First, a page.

On competing with two seniors for playing time as a freshman

“I feel like we’re all on the same page right now. A lot of it’s more of the bigger picture than individually, and we know whoever plays isn’t really up to us. So all we can do is put in the hours during the week and be ready when called upon.

On playing in pressure situations in the Clark Cup; does it help prepare you for a higher level?

“Yeah, absolutely. That year helped my game a lot and into last year as well as our team made another playoff run. But those situations kinda get you ready to play big games,  you learn to play your best hockey when it’s needed, and you learn how to win must-win games.

Toughest part of USHL → NCAA transition

“The USHL is a very fast-paced league; the speed is very similar, and a lot of the other hockey elements. But one thing I’ve noticed in college is players are more mature. They do a lot better job of hiding their shots and putting pucks in better spots. The shots are a lot tougher. I can definitely say there are more guys picking corners than before.”

Expectations & goals

“Just work my hardest and get into games and play well. I’m not a big believer in setting goals before the season, I feel like it’s more of a day-to-day process. I have a pretty good idea of what I can do this year, and it all just depends on getting some right bounces, and getting into games and getting wins.”

Summer schedule

“This summer we were here for six weeks, pretty much our whole team was skating and getting workouts in. This summer I was able to skate a lot; the previous summer I wasn’t able to skate (I had surgery on my shoulder), so this summer I was able to build more than I did prior and kinda get ready and more in shape for this year.”

On compensating for his lack of size

“Being a small guy you have to rely a lot more on your quickness. Quickness is an overused word in goaltending; it’s more of a being fast to be in position. Position is everything, and if I’m in a good spot facing a shot it doesn’t matter if I’m 6’4” or 5’10”, there’s the same amount of room. It’s about moving from a to b fast, and having a high compete level.”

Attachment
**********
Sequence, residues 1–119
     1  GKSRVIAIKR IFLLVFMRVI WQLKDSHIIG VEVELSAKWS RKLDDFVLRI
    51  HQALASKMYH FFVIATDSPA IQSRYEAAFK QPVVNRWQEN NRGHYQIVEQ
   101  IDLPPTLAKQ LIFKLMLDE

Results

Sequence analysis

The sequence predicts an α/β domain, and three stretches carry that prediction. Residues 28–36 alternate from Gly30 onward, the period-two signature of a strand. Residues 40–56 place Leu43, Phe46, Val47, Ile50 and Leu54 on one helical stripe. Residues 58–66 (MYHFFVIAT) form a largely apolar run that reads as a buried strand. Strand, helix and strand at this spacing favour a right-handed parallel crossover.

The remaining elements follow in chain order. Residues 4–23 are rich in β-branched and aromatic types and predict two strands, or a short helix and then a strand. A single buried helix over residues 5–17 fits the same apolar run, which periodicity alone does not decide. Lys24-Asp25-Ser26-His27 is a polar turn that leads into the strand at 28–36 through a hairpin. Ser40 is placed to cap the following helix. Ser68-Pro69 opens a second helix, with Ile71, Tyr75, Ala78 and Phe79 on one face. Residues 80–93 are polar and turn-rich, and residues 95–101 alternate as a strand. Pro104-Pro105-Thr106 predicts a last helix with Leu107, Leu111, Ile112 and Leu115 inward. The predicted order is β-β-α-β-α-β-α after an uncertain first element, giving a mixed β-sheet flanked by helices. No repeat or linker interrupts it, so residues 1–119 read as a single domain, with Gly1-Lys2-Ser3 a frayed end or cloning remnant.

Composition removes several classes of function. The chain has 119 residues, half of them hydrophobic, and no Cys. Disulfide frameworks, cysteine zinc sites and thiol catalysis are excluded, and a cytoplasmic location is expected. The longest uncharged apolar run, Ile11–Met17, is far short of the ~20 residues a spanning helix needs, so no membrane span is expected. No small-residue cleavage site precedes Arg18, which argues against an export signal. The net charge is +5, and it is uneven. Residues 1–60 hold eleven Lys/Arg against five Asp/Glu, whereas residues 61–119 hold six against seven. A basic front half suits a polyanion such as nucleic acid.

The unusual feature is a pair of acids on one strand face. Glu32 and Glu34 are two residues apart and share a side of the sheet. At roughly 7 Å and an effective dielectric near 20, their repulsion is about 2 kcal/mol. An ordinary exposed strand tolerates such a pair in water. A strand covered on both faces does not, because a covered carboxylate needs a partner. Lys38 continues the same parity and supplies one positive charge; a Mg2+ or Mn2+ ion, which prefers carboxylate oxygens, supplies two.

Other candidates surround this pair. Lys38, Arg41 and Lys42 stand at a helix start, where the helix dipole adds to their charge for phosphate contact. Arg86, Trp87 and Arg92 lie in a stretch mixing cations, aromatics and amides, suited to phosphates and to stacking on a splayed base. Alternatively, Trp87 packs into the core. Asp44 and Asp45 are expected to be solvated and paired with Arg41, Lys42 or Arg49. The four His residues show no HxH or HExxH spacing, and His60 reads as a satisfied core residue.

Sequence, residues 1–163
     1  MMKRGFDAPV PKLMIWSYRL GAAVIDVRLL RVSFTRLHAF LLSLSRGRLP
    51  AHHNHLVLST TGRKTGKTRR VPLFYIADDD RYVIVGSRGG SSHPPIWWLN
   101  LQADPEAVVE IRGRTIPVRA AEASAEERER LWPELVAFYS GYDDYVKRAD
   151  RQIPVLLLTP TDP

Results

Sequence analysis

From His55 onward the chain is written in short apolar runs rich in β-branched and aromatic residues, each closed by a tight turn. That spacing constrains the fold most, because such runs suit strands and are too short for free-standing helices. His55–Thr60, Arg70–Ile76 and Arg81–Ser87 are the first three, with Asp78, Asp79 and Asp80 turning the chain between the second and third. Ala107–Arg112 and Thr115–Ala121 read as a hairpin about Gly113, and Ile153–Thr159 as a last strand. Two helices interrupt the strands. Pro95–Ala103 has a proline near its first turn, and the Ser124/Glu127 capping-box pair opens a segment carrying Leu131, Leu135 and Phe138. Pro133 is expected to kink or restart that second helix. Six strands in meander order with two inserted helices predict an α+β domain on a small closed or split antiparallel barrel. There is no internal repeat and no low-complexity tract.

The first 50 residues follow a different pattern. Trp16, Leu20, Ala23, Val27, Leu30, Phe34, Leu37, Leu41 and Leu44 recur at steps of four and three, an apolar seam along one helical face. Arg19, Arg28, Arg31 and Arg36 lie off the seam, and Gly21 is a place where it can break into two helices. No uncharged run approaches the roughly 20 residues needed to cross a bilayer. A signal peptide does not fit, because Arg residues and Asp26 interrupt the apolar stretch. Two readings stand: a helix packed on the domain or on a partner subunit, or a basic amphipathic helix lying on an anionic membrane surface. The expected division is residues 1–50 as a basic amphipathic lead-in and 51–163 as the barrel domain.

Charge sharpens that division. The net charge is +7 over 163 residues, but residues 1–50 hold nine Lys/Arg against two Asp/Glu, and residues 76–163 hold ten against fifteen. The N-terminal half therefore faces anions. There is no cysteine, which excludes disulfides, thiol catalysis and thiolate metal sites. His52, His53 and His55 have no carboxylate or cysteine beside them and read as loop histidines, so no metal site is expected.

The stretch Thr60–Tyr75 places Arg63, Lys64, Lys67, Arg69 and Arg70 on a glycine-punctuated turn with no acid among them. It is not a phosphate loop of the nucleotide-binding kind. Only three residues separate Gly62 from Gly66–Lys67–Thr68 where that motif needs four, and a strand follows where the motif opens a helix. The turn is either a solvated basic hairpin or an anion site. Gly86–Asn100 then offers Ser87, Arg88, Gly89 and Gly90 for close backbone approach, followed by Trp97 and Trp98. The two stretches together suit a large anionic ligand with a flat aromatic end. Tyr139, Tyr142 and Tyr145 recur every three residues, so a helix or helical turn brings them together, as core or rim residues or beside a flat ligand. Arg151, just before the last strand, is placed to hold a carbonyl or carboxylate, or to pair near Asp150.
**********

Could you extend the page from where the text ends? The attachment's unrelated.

COLTON

On doubling his point total in the USHL (33 to 66)

“I’d say I played with a lot more confidence, played in a different role, became a leader on the team – was captain – and the coach just had a lot more confidence in me. I was a first line guy and out there in different situations and the guys I played with made me a better player, so I give a lot of credit to them.”

On representing the USA at the World Junior A Challenge – winning bronze

“It was definitely a great experience and a great honor as well. We didn’t come with the result we wanted but it was definitely a great experience and I met a lot of good guys and good competition along the way.”

On play style

“I’d say I’m an offensive two-way forward, I can play in both zones, I can win key faceoffs. I like to play a fast game and make the guys around me a better player.”

On transition from USHL → NCAA

“Guys are bigger, faster, stronger, they’re older guys, they’re not going to be younger whereas you’re playing against younger guys in the USHL. I’d say just, you’re working out all year, whereas USHL it’s a little bit more games. Not playing as many games, you’re in the weight room more often, guys are stronger and more mature. I definitely say speed has been a factor so far.”

Summer schedule

“We’re in the gym almost every day, doing conditioning stuff and on the ice. Two-a-days, pretty much, for the entire six weeks this summer and then transitioning into the first couple weeks we’ve been here. The coaches are just starting to get on the ice, so it’s been tough so far but I think everyone’s managing it pretty well.”

On being drafted + process

“It’s definitely been a long process because this was my last year of eligibility. It’s something I’ve dreamed of my whole life, and I worked really hard of it. Last year was a really big year for me, and my coach always had confidence in me, and knew what I was capable of, and he helped me a lot, putting me in the right spots, and when my name got called it was surreal, it’s really just starting to hit me and sink in. I was with my family and a couple of my friends when my name got called, and my mom started crying/tearing up and I did a little too.”